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Sculpting and the qualities of different materials have always interested Kaan: "I spent most of my time in sculpture classes during my senior year at high school. I was deeply fascinated by working with materials and the physical involvement it requires. We were working with metal, marble, foams, and clays."
This joy and curiosity from his high school days, found him again a couple of years ago, after he had completed his study of visual communication. Influenced by his mentor, Börte İpek (who is also a painter) Kaan resumed his study of these concepts and ideas, yet he has swapped the traditional practice of physical sculpting for creating both digital and haptic pieces.
His creative process often begins with a thought or a feeling, which he will try to visualise with a first sketch: "This step really helps to make that thought become real. When I feel like something is coming, I start to sculpt it on the computer and texture it to see where it goes in the 3D environment." While this process is ongoing, he will often print out the form and play with plaster or other materials to create a final version: "I love mixing the two processes and observing how it makes me think in a really different way.”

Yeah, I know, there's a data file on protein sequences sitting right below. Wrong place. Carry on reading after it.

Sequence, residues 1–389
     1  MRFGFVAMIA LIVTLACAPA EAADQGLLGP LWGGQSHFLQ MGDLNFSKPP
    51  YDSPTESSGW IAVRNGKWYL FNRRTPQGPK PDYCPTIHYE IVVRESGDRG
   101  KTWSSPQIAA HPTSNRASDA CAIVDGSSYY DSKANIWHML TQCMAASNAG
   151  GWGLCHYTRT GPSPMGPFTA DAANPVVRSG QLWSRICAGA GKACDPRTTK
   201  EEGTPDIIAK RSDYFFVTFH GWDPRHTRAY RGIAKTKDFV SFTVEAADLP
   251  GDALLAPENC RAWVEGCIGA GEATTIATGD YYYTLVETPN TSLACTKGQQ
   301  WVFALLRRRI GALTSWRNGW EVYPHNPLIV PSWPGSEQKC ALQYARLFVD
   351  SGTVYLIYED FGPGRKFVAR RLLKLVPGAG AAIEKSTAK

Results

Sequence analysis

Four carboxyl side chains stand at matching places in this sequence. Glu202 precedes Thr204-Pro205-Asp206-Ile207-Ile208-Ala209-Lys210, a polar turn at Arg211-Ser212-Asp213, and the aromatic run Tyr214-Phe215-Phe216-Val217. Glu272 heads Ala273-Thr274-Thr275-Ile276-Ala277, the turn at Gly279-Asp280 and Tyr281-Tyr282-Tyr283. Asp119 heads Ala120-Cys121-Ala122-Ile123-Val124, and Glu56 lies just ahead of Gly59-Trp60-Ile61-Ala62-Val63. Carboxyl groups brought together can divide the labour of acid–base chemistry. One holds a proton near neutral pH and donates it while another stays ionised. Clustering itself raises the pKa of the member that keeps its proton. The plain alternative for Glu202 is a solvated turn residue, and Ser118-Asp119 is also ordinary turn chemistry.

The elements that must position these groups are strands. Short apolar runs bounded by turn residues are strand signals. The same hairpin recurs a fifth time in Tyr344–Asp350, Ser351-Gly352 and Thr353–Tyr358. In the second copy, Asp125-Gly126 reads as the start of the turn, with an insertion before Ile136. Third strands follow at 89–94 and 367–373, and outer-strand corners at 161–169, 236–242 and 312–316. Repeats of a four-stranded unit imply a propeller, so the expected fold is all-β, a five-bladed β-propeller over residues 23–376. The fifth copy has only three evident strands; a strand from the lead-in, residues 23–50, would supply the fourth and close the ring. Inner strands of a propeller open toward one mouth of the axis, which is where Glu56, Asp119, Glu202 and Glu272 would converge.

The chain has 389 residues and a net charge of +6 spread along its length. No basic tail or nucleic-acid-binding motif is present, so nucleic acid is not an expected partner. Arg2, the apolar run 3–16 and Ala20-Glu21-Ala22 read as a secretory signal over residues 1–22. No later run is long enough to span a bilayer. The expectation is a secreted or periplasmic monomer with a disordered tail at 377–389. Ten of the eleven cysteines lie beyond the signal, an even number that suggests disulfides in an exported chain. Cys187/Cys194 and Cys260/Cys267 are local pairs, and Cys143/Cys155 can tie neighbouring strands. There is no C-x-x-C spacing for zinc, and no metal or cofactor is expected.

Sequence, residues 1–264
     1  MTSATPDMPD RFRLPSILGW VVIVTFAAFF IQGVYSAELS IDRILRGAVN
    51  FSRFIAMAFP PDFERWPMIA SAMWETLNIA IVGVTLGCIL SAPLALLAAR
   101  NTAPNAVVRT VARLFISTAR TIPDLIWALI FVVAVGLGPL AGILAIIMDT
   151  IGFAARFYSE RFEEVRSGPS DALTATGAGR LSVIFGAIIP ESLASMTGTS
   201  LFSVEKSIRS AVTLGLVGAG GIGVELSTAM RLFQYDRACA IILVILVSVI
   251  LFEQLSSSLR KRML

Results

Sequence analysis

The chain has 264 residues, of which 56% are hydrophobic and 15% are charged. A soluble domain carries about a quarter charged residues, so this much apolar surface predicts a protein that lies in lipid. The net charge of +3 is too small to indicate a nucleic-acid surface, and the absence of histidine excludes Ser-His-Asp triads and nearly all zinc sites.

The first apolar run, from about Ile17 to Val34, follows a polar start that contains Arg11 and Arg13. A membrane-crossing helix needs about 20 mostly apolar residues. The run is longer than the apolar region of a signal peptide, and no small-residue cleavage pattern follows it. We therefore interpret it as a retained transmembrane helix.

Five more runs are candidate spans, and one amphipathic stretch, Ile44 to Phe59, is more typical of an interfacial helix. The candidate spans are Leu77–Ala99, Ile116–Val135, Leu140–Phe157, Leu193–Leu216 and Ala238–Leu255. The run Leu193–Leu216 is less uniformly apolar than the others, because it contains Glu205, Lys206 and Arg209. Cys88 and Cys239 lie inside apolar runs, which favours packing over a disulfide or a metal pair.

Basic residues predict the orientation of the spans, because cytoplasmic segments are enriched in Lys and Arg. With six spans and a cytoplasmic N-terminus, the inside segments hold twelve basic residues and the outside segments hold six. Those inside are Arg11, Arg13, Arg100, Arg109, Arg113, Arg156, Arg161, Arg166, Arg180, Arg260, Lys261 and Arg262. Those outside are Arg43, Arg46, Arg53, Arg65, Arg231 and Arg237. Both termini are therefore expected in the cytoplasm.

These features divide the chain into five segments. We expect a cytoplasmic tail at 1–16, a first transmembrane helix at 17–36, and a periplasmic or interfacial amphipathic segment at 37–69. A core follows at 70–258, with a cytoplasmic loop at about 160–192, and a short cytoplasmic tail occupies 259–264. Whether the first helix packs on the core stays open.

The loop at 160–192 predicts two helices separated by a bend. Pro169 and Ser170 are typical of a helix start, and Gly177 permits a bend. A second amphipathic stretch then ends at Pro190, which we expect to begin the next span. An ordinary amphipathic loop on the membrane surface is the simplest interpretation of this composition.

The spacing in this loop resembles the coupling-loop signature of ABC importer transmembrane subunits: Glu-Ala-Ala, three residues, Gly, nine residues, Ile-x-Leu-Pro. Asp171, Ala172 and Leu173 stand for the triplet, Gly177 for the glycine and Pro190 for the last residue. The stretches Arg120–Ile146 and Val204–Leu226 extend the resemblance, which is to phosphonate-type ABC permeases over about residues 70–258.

There is rarely a set timeframe for this process. Kaan often experiments, and discovering new methods and materials throughout the process is very important to him: "In my 3D printing process I’m using PLA material. It’s durable, light, highly pliable and reusable. For the post-production, I always look for new materials. These days I’m mostly into plaster, concrete, stucco, polyurethane foam and a few others. I like working on carvable materials."
By working in this multidisciplinary way, Kaan is able to innovate with shape, colour and structure. Melted faces and bodies, abstract shapes and forms meet in a playful use of colour and composition. Once the composition has been formed, he will plan how he can reflect that thought in the structure – the rest is totally intuitive.
Some of Kaan’s recent works have a figurative aspect, as is the case for his most recent piece, ‘Delay’: "I saw this girl in one of Lucian Freud’s documentaries. She was sitting on her legs, with her dog beside her. She was not happy, and I wanted to get into her world." Besides Lucian Freud, and Börte İpek, Kaan's work has been influenced by many artists, including Francis Bacon, Giocometti, Daniel Arsham, Erdoğan Zümrütoğlu and Gaetano Pesce.
When exploring new work, he always keeps an open mind: "I don’t like restraining myself with specific concepts so my practice is mostly informed by my current state of mind.”
‘Delay’ will be available on Dissrup from Friday, the 29th April.